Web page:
Send us your picture and short story via email to firstname.lastname@example.org (See Tips Below)
We claim no responsibility for authenticity of material submitted or any responsibility to material posted or errors made in information provided. We will not be responsible for return and/or damage to any photograph submitted to us.
TIPS FOR SENDING PICTURES THRU EMAIL
Sizing Images For Web Pages or For Sending Thru E-Mail
If you want to put an image on your web page, or just send one to a friend or hopefully, to the bragging post -- lets say you have it on disk already, or you've figured out your scanner and are ready to roll. The problem, frankly, is size. Whether you plan to display said image on-site or attach it to an e-mail, it's considered good netiquette to make the process as quick and as easy as possible for the viewer. It's YOUR responsibility to get that image as small as possible without going too far and destroying the details; by "small," we mean in terms of bytes, not necessarily height/width, although the latter dimensions can often also use a bit of trimming, too. There are a number of ways to accomplish this...
At The Scanner
Change the resolution to 72 dpi. 'Nuff said. Yes, this is
usually the lowest resolution, so you might think that it's the
worst...but in actuality, it's the lowest setting that looks the same
as the original, so it's perfectly safe to use. Scanning at a higher
setting is only recommended if you plan to trim the image to a
more reasonable size in a graphics program afterward.
Use the Prescan function. Every good scanning utility has it
-- click Prescan and then manipulate the selection "window"
(usually represented by a flickering outline hovering over the
prescanned image onscreen) to narrow the scanning selection
down to only the part you actually want. THEN click "Scan."
Actually, almost any graphics program will do, as most of the
following tips are pretty universal. However, Photoshop is generally
your best bet for clean, accurate results.
Reduce the photo's size. First, make sure that the image is
in RGB color mode or Grayscale (depending in the type of image)
-- NOT Indexed Color. (More about that in a moment.) Then find
your program's sizing utility and bring it down, preferably to a size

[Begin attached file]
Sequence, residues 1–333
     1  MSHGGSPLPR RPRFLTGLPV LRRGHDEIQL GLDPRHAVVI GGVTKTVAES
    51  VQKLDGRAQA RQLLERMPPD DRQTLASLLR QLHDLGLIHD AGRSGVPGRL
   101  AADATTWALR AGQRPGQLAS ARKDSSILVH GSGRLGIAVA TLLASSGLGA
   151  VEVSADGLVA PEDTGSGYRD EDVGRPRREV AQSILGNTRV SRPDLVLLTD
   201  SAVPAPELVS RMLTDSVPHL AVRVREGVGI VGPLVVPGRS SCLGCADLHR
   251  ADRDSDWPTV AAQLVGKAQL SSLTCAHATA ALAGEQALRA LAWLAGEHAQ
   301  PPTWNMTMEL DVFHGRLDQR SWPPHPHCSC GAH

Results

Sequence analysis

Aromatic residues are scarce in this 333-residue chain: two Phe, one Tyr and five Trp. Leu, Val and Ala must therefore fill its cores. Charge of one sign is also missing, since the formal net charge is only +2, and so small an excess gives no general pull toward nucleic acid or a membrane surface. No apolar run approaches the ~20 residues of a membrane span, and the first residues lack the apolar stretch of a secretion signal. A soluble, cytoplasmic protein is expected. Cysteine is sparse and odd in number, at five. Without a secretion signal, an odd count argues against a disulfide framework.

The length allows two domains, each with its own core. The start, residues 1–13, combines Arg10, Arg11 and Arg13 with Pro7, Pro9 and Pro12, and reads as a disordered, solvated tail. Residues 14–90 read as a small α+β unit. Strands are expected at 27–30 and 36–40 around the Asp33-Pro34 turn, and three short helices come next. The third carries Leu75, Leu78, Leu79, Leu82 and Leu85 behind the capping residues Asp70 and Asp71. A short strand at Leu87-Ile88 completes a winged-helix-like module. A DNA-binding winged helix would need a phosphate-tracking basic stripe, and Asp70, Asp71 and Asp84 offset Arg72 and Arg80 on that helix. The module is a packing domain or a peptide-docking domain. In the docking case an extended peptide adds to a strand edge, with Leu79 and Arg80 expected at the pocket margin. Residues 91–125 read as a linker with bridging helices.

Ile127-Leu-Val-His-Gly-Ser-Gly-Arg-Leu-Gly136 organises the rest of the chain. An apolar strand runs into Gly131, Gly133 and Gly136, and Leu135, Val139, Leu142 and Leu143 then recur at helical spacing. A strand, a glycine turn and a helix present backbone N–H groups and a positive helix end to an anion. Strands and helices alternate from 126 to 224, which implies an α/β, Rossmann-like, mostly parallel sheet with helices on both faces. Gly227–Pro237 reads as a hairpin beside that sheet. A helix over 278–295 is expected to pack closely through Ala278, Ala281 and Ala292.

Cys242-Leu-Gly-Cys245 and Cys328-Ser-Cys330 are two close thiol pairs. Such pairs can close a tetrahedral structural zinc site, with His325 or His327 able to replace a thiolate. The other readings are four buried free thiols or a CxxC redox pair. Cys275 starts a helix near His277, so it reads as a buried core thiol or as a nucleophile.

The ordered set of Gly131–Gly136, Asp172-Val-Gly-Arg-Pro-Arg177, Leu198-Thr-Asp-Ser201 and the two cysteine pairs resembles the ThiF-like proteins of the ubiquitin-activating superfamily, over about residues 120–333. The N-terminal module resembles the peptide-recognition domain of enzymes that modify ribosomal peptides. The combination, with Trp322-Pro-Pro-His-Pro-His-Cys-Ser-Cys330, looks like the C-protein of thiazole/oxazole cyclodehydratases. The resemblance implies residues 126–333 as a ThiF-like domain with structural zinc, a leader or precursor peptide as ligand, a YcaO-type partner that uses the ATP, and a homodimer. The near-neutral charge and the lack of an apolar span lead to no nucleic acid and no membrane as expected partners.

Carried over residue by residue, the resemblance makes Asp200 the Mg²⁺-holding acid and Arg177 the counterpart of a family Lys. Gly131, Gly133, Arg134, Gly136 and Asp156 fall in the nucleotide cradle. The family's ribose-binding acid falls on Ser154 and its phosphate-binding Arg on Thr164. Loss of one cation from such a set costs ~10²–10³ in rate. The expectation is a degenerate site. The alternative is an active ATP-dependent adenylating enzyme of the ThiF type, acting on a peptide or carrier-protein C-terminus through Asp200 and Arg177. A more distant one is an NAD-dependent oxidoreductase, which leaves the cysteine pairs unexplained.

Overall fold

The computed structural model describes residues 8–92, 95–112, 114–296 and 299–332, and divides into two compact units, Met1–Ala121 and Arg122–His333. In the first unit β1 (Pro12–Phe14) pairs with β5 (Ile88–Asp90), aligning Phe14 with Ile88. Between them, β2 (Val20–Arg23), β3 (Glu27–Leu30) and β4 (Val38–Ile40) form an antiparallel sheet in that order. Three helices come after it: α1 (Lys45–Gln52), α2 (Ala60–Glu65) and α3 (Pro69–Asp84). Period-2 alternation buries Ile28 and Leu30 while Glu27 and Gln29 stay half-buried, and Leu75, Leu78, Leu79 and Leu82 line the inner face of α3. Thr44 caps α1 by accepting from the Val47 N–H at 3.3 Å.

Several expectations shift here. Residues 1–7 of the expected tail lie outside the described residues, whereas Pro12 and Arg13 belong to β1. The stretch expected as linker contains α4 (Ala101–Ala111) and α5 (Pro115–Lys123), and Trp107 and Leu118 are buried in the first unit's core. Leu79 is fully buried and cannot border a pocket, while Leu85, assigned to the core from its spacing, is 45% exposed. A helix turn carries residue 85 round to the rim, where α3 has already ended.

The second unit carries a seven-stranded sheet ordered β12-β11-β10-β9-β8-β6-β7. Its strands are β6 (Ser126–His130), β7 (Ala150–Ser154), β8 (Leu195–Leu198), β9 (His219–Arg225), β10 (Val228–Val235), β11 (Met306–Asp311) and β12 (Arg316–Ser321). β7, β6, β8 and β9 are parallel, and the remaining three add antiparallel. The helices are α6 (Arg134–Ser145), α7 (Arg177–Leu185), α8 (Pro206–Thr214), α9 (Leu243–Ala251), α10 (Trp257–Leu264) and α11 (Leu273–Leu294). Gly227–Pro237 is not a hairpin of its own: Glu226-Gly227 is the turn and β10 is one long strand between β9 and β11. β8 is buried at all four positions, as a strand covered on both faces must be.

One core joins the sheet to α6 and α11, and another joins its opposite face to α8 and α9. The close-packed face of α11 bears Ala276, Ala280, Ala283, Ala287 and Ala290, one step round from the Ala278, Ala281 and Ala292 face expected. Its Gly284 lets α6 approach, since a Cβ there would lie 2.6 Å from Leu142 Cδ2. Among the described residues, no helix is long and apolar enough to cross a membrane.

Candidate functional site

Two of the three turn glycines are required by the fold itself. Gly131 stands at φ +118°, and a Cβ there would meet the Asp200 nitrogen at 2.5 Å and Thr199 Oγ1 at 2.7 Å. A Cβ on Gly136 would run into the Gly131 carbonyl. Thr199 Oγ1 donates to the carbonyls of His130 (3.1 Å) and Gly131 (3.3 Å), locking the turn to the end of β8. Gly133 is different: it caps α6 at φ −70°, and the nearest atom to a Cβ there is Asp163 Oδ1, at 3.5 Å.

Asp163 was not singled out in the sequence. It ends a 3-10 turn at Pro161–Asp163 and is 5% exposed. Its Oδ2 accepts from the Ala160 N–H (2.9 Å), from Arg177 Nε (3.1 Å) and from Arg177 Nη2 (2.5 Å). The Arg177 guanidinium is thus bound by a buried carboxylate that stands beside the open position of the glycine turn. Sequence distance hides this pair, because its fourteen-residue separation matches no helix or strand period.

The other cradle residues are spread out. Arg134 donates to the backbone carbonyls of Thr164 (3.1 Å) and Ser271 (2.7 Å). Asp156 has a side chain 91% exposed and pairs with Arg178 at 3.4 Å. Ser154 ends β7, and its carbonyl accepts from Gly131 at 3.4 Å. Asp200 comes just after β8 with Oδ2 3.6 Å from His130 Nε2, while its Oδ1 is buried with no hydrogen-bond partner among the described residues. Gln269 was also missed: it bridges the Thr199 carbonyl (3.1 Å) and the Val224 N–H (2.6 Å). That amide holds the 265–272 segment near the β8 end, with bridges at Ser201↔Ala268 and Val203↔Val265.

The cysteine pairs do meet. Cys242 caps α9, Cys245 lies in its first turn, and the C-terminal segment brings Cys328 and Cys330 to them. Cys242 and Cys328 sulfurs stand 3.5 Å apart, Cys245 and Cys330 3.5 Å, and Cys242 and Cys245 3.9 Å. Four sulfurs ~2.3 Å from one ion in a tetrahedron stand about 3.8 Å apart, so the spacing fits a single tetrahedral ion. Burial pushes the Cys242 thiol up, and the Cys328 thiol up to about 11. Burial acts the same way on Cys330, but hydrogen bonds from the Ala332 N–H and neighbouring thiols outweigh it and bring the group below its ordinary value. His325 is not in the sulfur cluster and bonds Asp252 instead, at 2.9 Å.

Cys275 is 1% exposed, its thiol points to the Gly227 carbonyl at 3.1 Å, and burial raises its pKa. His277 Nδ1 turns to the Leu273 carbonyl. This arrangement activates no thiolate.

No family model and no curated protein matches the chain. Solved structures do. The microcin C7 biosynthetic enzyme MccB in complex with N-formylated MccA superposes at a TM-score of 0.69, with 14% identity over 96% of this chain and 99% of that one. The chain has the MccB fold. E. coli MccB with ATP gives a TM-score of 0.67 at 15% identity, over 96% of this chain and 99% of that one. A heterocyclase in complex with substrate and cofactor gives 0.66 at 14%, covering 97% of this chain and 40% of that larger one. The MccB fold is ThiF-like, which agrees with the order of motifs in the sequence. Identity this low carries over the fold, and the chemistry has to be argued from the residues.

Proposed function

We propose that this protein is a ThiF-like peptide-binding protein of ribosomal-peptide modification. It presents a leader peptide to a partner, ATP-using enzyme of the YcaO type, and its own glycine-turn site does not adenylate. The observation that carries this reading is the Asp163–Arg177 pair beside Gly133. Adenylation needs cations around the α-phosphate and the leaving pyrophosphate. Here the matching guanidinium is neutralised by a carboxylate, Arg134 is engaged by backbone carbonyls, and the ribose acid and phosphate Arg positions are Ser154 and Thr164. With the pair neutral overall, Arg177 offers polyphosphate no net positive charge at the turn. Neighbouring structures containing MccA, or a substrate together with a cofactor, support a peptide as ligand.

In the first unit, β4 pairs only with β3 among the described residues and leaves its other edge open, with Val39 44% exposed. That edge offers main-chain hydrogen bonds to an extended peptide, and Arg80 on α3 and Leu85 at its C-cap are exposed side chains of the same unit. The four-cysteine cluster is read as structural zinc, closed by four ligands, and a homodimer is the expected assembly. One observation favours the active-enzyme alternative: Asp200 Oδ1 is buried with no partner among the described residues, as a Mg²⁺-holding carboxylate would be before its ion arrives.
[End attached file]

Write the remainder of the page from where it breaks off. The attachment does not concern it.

which will fit easily and completely on even a small monitor.
(Remember: as with webpages, Scrolling Is Bad.) You may then
need to use a Sharpen tool to bring it back up to crispness.
Crop off the parts you don't really need. Is all that sky
above that big buck really essential to the photo? Do you really
need any white space around that button image? Unless you're a
compulsive completist or the background is really, really important,
figure out what's important about the image and crop the pic
down to focus on it.
Indexed Color is your friend. To be brief, this option figures
out which colors are actually IN the picture and eliminates all of the
other myriad unused shades which might be lurking on the pic's
palette. Nine times out of ten, saving in Indexed Mode will not
harm your image and will dramatically reduce its download size
without affecting its appearance in the least. However, remember
to always switch temporarily back to RGB mode if you wish to resize
the image. Trust us.
Before you save, check your file format! SAVING YOUR PIC AS A .BMP IS
LITERALLY A BIG “NO-NO” unless you intend to use the image
as a Windows background. Your best bet is either .gif or .jpg. .Gifs
are usually slightly larger but they preserve every single pixel
this is absolutely essential if you plan to work with a picture later) and,
combined with Indexed Color, are websafe. This means that the
colors won't go funky in most browsers. .Jpgs do have a tendency
to get loopy on some viewers because they lump similar colors
together to save space, but they're definitely small tidy files and
are easy to store, send, and view.
NOTE: If you are working with a scanner which does not give you
either .gif or .jpg as an option, save as a .BMP or a .tif and then
open the image in a graphic program to resave (Save As) in the
proper format. You might have to switch the image to Index Color
first to enable "gif" as a Save option.
Now, you're ready to send!